Frustrated by his inability to move big legislation through Congress, Trump has pressed McConnell to kill the filibuster, something the Kentucky Republican has rebuffed. For some on the left — particularly those who recall former President Barack Obama's struggles as McConnell blocked progress on his bills and nominees — promising voters big action on liberal policies without an answer for GOP filibusters amounts to malpractice by Democratic presidential candidates.
Ending the filibuster is "one of the few things that will have the most impact on whether or not a Democratic president is able to achieve their agenda," said Adam Jentleson, a veteran senior aide to ex-Senate Democratic leader Harry Reid of Nevada. "This is the decoder ring for whether candidates are serious about what they're proposing or not."
Reid's 2013 decision to nix the filibuster for most executive branch nominees remains a polarizing one for many Democrats. Klobuchar, for one, told NBC News last year that she believes the move was a mistake. But as liberals gain influence and younger activists intensify their pressure on Democratic leaders, candidates are likely to keep getting pressed about their stances on the future of the filibuster.
Varshini Prakash, co-founder of the environmental group Sunrise Movement that's leading the charge for the so-called Green New Deal to fight climate change, indicated her group could support a filibuster overhaul.
"Not passing the Green New Deal will jeopardize millions of lives, so we want politicians to do whatever it's going to take to make the Green New Deal a reality," Prakash said in a statement. Brian Fallon, a former aide to Senate Minority Leader Chuck Schumer, D-N.Y., warned that even if Democrats win back control of the Senate next year and defeat Trump, their ambitious plans are bound to flounder in 2021 "as long as Mitch McConnell has a veto" in the form of the filibuster. Fallon now helms Demand Justice, a liberal group that works to galvanize Democratic engagement on the federal judiciary.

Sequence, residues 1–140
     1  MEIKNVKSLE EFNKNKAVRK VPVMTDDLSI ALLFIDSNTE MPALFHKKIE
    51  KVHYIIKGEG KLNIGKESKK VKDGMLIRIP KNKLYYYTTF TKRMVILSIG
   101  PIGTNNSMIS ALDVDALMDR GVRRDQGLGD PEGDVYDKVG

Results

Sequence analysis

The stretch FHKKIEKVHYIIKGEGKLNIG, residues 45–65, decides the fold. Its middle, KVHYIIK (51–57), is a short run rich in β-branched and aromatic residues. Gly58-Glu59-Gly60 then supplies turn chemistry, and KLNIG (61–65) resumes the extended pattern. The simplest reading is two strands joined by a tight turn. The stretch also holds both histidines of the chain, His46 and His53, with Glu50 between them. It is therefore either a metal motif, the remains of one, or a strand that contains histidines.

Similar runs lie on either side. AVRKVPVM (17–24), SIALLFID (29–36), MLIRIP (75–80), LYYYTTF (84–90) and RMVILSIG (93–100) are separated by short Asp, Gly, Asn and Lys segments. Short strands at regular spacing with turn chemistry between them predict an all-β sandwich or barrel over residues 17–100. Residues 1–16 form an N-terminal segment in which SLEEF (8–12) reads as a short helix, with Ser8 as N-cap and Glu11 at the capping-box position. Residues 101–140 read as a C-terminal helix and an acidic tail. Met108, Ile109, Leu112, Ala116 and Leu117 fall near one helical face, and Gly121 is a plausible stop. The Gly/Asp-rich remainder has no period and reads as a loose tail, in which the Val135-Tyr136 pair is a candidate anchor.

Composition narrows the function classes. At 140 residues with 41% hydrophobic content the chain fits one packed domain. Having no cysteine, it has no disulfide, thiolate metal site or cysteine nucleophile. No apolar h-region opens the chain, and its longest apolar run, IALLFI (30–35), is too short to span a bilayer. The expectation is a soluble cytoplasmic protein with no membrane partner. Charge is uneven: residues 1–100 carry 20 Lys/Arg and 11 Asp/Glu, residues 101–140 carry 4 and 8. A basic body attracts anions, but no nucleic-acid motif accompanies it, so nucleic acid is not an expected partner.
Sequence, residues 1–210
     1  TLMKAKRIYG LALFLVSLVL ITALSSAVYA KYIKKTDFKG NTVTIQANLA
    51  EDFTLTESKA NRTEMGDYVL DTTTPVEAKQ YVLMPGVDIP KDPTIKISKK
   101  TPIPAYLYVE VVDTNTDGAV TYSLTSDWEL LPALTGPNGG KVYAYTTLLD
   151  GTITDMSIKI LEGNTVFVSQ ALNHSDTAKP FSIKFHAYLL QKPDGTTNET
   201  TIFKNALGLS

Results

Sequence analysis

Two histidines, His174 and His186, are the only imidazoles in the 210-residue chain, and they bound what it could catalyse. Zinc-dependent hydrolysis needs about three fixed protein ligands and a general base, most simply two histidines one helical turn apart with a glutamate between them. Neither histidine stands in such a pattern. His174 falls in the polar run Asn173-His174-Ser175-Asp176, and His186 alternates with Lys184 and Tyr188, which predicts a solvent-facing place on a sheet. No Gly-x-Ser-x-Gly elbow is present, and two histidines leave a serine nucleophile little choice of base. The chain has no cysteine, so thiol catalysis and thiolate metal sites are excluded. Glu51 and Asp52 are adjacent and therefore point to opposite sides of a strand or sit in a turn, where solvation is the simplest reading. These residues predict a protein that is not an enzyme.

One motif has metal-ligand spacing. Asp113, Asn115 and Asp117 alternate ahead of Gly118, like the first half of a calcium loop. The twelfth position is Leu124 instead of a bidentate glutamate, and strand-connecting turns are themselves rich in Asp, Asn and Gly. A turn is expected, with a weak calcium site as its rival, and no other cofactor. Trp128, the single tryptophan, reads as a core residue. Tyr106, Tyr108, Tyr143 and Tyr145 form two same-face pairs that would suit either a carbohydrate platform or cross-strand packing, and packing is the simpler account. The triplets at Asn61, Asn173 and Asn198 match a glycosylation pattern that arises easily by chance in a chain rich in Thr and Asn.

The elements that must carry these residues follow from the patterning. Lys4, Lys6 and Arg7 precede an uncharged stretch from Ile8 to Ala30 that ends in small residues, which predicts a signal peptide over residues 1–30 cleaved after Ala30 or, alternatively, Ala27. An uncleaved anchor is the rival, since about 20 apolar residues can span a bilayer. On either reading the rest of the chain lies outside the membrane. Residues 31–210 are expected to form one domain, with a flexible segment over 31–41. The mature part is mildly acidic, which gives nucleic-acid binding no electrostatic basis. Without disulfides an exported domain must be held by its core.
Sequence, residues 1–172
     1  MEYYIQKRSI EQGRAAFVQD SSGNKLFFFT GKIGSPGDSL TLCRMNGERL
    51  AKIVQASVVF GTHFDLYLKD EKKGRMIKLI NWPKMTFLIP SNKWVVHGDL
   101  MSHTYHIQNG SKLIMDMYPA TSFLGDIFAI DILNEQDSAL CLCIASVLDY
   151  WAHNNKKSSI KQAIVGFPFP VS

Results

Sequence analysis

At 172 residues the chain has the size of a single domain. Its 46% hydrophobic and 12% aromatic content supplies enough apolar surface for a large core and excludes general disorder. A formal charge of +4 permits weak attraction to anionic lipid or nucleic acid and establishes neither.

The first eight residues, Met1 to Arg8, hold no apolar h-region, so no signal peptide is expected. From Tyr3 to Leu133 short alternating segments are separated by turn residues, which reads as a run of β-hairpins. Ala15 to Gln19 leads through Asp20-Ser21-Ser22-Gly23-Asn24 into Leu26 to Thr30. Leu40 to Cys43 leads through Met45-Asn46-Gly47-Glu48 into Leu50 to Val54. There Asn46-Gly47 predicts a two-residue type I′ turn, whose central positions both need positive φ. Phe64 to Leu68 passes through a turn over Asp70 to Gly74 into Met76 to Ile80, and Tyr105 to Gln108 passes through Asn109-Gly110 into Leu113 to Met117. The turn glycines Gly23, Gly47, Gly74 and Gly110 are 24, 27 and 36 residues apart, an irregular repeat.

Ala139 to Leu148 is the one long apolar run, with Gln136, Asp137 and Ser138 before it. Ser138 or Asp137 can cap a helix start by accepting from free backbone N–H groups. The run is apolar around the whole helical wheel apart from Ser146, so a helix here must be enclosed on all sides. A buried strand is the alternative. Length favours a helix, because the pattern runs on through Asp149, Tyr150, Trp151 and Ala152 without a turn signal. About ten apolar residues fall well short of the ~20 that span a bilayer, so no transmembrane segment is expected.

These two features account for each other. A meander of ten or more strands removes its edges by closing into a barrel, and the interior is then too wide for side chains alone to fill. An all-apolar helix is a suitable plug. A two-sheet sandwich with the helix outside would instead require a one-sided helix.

Despite the urging from some progressives for presidential candidates to campaign on changing filibuster rules, it's not yet clear that the Democratic base will rally around the issue. One prominent liberal group, MoveOn.org, has no position on the issue, according to a spokesman.
And even if a Democrat swept into the White House in 2021 after vowing to dismantle the filibuster, convincing a majority of the Senate to vote for a rules change won't be easy. That's because many senators value their chamber's ability to require a 60-vote majority for major legislation, although both parties have taken advantage of rules that require a simple majority for bills that directly affect federal budgeting. For some Democrats, declawing the filibuster for legislation amounts to removing guardrails on more extreme proposals from which the GOP could profit handsomely.
Indeed, beyond Warren, the only Democrat running in 2020 who's so far open to revisiting the filibuster isn't a senator at all. "The filibuster is an archaic, anti-democratic relic that was turned into a tool to block progress, plain and simple," Washington Gov. Jay Inslee wrote to supporters recently.